In this article, we present the results of the surveys on sunspots and auroral candidates in Rikkokushi, Japanese Official Histories from the early 7th century to 887 to review the solar and auroral activities. In total, we found one sunspot record and 13 auroral candidates in Rikkokushi. We then examine the records of the sunspots and auroral candidates, compare the auroral candidates with the lunar phase to estimate the reliability of the auroral candidates, and compare the records of the sunspots and auroral candidates with the contemporary total solar irradiance reconstructed from radioisotope data. We also identify the locations of the observational sites to review possible equatorward expansion of auroral oval. These discussions suggest a major gap of auroral candidates from the late 7th to early 9th century, which includes the minimum number of candidates reconstructed from the radioisotope data, a similar tendency as the distributions of sunspot records in contemporary China, and a relatively high magnetic latitude with a higher potential for observing aurorae more frequently than at present.

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H. Hayakawa, K. Iwahashi, H. Tamazawa, et. al.
Fri, 4 Aug 17

Comments: 2017/08/02 accepted for publication in PASJ

Spatially Localized Particle Energization by Landau Damping in Current Sheets Produced by Strong Alfven Wave Collisions [CL]

Understanding the removal of energy from turbulent fluctuations in a magnetized plasma and the consequent energization of the constituent plasma particles is a major goal of heliophysics and astrophysics. Previous work has shown that nonlinear interactions among counterpropagating Alfven waves—or Alfven wave collisions—are the fundamental building block of astrophysical plasma turbulence and naturally generate current sheets in the strongly nonlinear limit. A nonlinear gyrokinetic simulation of a strong Alfven wave collision is used to examine the damping of the electromagnetic fluctuations and the associated energization of particles that occurs in self-consistently generated current sheets. A simple model explains the flow of energy due to the collisionless damping and the associated particle energization, as well as the subsequent thermalization of the particle energy by collisions. The net particle energization by the parallel electric field is shown to be spatially intermittent, and the nonlinear evolution is essential in enabling that spatial non-uniformity. Using the recently developed field-particle correlation technique, we show that particles resonant with the Alfven waves in the simulation dominate the energy transfer, demonstrating conclusively that Landau damping plays a key role in the spatially intermittent damping of the electromagnetic fluctuations and consequent energization of the particles in this strongly nonlinear simulation.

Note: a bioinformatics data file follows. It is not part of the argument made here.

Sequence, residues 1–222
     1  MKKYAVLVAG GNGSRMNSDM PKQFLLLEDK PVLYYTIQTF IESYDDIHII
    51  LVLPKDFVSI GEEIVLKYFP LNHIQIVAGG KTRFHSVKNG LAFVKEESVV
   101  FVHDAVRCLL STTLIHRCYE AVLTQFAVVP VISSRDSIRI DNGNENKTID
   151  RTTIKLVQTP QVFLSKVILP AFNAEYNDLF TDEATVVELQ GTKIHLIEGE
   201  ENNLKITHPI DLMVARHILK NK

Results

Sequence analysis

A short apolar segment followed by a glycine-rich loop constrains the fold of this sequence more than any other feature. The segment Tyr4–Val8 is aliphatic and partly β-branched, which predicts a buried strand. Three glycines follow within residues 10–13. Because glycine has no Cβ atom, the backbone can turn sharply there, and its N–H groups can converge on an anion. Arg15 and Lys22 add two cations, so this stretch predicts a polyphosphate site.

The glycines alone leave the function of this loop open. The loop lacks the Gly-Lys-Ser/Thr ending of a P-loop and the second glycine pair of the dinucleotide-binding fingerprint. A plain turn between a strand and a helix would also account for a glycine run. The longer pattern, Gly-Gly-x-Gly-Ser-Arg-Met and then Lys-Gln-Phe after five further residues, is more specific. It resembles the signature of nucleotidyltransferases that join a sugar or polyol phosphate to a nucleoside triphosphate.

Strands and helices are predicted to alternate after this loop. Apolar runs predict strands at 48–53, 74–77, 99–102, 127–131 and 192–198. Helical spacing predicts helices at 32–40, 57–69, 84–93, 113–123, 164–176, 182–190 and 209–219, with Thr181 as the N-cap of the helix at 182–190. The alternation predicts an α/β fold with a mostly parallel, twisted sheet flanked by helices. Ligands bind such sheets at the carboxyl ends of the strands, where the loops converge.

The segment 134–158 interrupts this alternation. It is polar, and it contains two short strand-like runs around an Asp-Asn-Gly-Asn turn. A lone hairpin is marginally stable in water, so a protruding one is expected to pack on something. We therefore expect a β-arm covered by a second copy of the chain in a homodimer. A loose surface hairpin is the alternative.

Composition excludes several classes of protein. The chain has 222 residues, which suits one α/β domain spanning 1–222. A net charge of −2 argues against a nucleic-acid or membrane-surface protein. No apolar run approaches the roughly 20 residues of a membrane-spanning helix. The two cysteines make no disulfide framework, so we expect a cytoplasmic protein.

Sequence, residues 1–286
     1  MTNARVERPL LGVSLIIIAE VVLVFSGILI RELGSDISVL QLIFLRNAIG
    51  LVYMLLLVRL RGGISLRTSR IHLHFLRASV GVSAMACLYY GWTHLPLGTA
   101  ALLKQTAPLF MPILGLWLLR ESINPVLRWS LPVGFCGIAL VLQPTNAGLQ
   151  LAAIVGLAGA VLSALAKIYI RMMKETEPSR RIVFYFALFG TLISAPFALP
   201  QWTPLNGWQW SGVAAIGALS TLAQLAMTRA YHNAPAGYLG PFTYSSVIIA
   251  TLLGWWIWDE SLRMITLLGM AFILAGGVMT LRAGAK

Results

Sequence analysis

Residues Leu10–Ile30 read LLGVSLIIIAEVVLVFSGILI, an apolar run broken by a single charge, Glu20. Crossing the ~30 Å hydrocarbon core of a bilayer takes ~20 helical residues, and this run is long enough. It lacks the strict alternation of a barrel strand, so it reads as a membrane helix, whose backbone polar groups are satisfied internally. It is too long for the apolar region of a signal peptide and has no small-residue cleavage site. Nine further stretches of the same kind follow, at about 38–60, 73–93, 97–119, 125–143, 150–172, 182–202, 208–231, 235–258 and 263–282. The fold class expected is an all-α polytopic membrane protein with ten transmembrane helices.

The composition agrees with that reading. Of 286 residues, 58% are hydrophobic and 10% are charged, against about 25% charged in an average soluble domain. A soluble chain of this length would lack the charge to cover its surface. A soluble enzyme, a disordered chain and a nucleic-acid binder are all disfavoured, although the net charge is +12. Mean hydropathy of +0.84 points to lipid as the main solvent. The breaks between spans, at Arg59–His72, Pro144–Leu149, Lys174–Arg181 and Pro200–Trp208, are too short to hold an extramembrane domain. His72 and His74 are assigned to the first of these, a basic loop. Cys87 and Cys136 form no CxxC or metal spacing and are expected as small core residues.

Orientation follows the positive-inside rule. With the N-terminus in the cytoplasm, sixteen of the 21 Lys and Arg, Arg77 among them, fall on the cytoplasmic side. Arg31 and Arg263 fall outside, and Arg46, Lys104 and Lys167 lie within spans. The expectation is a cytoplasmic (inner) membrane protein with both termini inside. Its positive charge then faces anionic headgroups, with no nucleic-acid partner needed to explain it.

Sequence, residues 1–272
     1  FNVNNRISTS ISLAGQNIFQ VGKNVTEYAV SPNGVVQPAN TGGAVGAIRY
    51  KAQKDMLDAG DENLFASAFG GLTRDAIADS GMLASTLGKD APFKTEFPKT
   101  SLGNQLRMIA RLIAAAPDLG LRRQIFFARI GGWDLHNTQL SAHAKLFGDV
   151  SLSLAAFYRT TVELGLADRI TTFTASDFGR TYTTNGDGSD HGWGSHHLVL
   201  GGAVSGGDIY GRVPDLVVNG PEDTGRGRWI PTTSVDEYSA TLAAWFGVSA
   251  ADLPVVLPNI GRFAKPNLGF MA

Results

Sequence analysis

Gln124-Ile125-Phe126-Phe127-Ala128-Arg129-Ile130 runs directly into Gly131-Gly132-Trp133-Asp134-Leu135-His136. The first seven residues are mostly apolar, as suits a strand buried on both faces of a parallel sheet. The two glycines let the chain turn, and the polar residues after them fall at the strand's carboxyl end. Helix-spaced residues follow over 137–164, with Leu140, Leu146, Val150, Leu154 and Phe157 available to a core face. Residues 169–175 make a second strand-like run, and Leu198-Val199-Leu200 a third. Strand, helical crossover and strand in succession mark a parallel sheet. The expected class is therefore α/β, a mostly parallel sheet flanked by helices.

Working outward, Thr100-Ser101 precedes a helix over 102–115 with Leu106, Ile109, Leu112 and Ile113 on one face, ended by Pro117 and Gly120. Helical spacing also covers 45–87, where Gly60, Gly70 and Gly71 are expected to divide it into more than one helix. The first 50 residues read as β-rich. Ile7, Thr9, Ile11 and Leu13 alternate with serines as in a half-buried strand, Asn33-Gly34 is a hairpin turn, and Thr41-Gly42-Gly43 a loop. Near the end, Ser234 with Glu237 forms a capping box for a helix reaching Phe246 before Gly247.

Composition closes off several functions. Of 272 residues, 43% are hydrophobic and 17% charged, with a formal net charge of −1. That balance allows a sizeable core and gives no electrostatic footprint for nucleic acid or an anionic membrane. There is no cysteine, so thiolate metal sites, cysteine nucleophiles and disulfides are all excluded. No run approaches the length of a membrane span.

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G. Howes, A. McCubbin and K. Klein
Thu, 3 Aug 17

Comments: 34 pages, 17 figures, submitted to Journal of Plasma Physics

Interplay between Alfvén and magnetosonic waves in compressible magnetohydrodynamics turbulence [CL]

Using spatio-temporal spectra we show direct evidence of excitation of magnetosonic and Alfv\’en waves in three-dimensional compressible magnetohydrodynamic turbulence at small Mach numbers. For the plasma pressure dominated regime, or high $\beta$ regime (with $\beta$ the ratio between fluid and magnetic pressure), and for the magnetic pressure dominated regime, or low $\beta$ regime, we study magnetic field fluctuations parallel and perpendicular to a guide magnetic field $\textbf{B}_0$. In the low $\beta$ case we find excitation of compressible and incompressible fluctuations, with a transfer of energy towards Alfv\’enic modes and to a lesser extent towards magnetosonic modes. In particular, we find signatures of the presence of fast magnetosonic waves in a scenario compatible with that of weak turbulence. In the high $\beta$ case, fast and slow magnetosonic waves are present, with no clear trace of Alfv\’en waves, and a significant part of the energy is carried by two-dimensional turbulent eddies.

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N. Andres, P. Leoni, P. Mininni, et. al.
Mon, 31 Jul 17

Comments: N/A